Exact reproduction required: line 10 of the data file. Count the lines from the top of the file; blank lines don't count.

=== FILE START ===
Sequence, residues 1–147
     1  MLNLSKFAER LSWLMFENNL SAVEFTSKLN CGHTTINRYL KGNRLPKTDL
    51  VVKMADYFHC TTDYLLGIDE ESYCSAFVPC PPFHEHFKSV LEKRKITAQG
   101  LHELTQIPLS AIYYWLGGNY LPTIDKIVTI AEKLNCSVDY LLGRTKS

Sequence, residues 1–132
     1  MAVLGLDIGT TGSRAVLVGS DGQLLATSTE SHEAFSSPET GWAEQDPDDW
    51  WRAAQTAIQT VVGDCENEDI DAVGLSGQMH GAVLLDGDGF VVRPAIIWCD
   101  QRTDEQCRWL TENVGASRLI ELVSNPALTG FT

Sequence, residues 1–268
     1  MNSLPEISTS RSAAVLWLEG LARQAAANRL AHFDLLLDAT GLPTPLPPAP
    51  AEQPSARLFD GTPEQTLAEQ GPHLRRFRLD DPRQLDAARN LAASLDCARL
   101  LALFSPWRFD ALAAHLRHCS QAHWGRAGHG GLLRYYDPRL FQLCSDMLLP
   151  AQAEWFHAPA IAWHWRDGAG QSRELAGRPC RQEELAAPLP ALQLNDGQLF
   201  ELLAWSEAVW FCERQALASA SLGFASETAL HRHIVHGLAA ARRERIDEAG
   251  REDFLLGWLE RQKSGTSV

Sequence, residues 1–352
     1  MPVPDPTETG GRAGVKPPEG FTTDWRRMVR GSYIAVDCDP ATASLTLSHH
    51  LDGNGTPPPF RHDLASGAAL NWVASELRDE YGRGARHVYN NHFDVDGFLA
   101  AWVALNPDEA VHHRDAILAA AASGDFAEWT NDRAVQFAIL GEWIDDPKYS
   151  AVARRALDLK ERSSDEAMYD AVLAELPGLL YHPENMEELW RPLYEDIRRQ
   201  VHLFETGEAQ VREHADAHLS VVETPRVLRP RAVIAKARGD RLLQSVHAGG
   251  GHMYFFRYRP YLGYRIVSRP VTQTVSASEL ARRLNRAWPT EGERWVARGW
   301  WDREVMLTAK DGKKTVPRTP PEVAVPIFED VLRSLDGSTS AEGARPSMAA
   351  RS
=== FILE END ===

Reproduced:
     1  MNSLPEISTS RSAAVLWLEG LARQAAANRL AHFDLLLDAT GLPTPLPPAP